Em is a twelve-year-old girl in a floating community off the Gulf Coast. Kaya is a political activist in a terrifying prison. They are pen pals.
Em’s wistful message in a bottle finds its way to Kaya, imprisoned above the molten lava of the Ruby Lake. Both are living precarious lives, at the mercy of societal, natural, and perhaps supernatural forces beyond their control. Kaya’s letters inspire Em, and Em’s comfort Kaya—but soon this correspondence becomes more than personal. Individual lives, communities, and even the fate of an entire nation will be changed by this exchange of letters.
Pen Pal is a story of friendship and bravery across age, distance, and culture, at the intersection of the natural and supernatural world.
|File size:||447 KB|
About the Author
Pen Pal is a message in a bottle, sent out into the world by Francesca Forrest.
Most Helpful Customer Reviews
Pen Pal, by Francesca Forrest, is YA in the way The Book Thief is YA, in the way The Giver is YA. It is YA of the best kind. It crosses genre, and it crosses age boundaries. It's a book anyone will pick up and be changed by. The characters are fully realized, the story never wobbles. The writing walks that so-difficult-to-find line of invisibility, in that the reader never feels the author poking her nose into the story. It belongs to the characters. And while the prose are pristine, they are never flashy in that, "Look at me! I'm the author! I wrote this! Look how pretty my words are!" THAT is what allows it to be YA when the subject matter is more than fluff, the accessibility, the intimacy of words and reader and nothing in between. Just amazing.
Pen Pal by Francesca Forrest caught my eye in Toronto in 2015. The idea of pen pals connecting and inspiring each other to achieve great things sounded promising, but in the end it didn’t quite deliver. Since the story is told in via the journals Em and Kaya write as well as the letters they exchange it was hard to gain a true outside perspective regarding the causes they were fighting for. I understood why each girl individually was fighting, but I didn’t understand how their fights connected to the outside world and to me personally. As a result, I had difficulty identifying with and feeling connected to Em and Kaya. The most puzzling thing about this book is it genre. I found it in a bookshop that specializes in science fiction and fantasy novels. There is some mysticism in Pen Pal, but it seems firmly rooted in a somewhat present time with contemporary political and natural weather events. Not that the book needs a clear genre, I read plenty of cross-genre books. However, I went in expecting more of a fantasy bent based on what the bookseller told me and the type of bookstore I purchased the book in. I struggled when the tiny bits of mysticism and fantasy crept in because it didn’t quite mesh with the over all contemporary fiction bent of the novel. As a reader, I felt required to accept the otherworldly elements with no explanation. Pen Pal might be a good fit for young readers who won’t necessarily question the seemingly random fantasy elements that caused me a great deal of confusion. This novel might also inspire younger reader to be activists and fight for noble causes. As an older reader, I’m not sure this book was a good fit as I spend most of my time puzzling out what type of book this was and finding a way to connect with the young characters and see the world from their point of view.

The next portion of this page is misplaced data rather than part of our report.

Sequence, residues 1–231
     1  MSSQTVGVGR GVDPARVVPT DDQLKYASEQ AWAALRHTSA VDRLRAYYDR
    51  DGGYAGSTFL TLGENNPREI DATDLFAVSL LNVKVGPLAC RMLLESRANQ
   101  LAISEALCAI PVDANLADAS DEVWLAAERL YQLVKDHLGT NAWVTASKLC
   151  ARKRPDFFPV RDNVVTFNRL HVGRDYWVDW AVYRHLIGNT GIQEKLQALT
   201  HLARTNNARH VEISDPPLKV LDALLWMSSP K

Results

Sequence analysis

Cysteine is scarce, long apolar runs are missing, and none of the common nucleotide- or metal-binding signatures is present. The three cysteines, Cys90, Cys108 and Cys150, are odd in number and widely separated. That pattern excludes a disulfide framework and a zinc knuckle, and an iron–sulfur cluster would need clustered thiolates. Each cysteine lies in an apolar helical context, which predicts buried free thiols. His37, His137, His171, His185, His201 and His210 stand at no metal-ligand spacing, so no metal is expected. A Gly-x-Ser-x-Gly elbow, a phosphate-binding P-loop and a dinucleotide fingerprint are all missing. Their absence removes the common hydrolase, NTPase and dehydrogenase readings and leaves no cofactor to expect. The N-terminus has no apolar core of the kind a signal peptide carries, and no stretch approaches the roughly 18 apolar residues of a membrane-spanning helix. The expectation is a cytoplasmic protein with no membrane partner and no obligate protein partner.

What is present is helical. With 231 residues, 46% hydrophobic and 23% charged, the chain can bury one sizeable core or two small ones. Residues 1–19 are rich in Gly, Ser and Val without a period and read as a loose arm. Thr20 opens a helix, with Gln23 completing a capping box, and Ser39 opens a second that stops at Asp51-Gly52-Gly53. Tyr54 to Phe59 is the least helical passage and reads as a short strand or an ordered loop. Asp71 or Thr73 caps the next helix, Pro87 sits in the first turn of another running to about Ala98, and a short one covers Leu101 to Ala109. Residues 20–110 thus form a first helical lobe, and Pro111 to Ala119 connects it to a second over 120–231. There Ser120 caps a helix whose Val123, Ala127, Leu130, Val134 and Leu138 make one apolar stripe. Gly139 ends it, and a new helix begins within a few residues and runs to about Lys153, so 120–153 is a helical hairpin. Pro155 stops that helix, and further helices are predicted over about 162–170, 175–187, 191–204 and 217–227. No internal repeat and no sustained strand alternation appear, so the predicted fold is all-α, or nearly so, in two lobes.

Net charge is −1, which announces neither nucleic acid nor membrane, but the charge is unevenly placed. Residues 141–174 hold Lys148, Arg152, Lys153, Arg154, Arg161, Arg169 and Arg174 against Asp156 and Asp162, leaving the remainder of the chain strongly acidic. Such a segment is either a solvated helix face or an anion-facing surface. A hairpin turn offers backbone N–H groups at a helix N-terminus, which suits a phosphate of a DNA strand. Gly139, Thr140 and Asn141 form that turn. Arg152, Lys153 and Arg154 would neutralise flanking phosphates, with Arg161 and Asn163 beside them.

Next res. She got blocked
Absolutely amazing book. One of the best I've ever read. The characters are alive, the emotions real, the tension high. If you want a book that hooks you from the beginning, drags you into the world of the story, and doesn't let go, this is definitely the book for you!